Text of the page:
O’Hara/My Turn: Open doors?
Uncle Charlie Russell had his own breakfast routine, and included was a thorough viewing of the morning paper. The Recorder-Gazette was an afternoon paper in May of 1939, so I presume that it was his New York Times that was under discussion that day.
This 9-year-old girl was in fourth grade and was expected to pay attention, listen carefully and respond with questions and commentary. Aunt May, too, participated in this discussion. On this day, the subject was the S.S. St. Louis, a ship that had left Hamburg, Germany on the 13th of May, headed for Cuba with 1,000 German Jews on board. Kristallnacht, the night when Jewish businesses and other enterprises owned by Jews were destroyed, had taken place in November of 1938. It was a warning call for all Jews to realize their situation. The group awaiting passage on the St. Louis had successfully escaped the many traps of the Holocaust and many had taken circuitous routes in order to avoid the persecution which abounded throughout Germany under the Nazi regime.
Arriving in Cuba, their next stop — or so they understood — was to sail to Florida where they would disembark and become refugees in the United States. It was not to be.
After much conversation in Washington, D.C. and a great deal of consternation, Henry Morganthau Jr. was directed by President Franklin Delano Roosevelt, to deny the Jewish refugees entry into the United States. The ship headed back to Europe; the passengers did not know what they would face upon return.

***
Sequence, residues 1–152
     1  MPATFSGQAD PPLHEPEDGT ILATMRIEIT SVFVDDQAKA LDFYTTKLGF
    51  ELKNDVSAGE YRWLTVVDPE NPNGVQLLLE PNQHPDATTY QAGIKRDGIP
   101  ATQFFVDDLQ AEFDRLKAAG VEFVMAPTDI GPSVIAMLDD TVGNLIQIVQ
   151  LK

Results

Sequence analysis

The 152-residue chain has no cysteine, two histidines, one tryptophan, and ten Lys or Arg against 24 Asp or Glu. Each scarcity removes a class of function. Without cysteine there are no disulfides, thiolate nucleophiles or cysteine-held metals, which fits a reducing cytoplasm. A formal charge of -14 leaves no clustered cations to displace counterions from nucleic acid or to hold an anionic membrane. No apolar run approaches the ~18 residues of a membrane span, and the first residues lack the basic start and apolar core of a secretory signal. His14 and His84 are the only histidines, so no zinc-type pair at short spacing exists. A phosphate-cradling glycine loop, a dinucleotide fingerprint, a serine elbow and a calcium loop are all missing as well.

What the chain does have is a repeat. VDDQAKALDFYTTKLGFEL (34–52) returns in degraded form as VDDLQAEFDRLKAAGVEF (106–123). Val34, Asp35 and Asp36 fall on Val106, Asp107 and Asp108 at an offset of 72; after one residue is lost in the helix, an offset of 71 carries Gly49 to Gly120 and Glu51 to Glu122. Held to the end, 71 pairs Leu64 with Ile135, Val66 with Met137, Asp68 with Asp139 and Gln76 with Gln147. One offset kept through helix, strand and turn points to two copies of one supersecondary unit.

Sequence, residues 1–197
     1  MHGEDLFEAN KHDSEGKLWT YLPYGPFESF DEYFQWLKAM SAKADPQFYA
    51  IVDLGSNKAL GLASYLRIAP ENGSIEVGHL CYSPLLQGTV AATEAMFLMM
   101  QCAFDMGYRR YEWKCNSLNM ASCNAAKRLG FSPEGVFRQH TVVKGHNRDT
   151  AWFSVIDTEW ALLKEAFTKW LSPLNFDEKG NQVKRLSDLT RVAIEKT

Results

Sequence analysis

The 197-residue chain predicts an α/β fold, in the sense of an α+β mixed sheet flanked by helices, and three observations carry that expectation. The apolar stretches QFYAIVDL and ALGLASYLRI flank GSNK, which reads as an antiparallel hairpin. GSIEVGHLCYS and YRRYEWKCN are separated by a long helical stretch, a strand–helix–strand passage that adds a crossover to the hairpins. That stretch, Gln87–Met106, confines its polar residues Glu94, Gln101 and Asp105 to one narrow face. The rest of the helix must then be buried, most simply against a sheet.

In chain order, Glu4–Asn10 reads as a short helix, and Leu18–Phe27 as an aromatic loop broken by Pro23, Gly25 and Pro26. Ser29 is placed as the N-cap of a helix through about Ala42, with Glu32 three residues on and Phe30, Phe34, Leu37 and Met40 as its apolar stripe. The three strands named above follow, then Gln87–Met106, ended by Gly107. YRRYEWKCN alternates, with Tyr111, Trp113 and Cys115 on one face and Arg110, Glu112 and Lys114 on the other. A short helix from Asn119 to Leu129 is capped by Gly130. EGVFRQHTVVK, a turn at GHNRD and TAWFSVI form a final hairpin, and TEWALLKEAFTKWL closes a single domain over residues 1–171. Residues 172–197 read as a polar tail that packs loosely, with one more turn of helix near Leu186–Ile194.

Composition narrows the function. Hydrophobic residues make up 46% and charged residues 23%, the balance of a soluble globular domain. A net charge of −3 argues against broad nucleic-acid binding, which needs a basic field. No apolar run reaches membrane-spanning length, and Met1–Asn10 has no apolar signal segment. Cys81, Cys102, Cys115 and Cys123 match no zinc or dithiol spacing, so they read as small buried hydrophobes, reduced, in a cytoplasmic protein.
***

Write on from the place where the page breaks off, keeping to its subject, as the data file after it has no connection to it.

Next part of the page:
Fortunately, Belgium and Great Britain took these destitute individuals, although Belgium, too, was in a position to be taken by the German onslaught.
Why do I feel so strongly about this situation? Perhaps it is because in 1943, a soon-to-be dear friend came to this town to live with his uncle, a Jewish physician who had come to Greenfield in the early 1930 period to practice medicine. My friend’s family had been able to escape to England in that 1938-39 period and finally to the United States. He educated me in 1943 and through the ensuing decades, continued to impress upon me the humanity of each individual and the need to care. Seventy-one years later, we are still close friends.
Seventy-five years have passed since the St. Louis attempt to give refuge to those in need. Now we have another group of refugees fleeing persecution, danger, even death, at the hands of the government in charge of their country. They are much younger than those of 1939.
Mr. Webster describes a refugee as one who flees to a foreign country to escape danger or persecution. An immigrant is one who comes to a country that is not native to them for permanent residence. Since that definition has been around since 1623, I believe it to be accepted as correct.
We had refugees in 1939 and we turned our back. We have refugees, not immigrants, who have come to our country to seek asylum from persecution. Have we learned anything in seventy-five years?
Phyllis O’Hara is a Greenfield resident.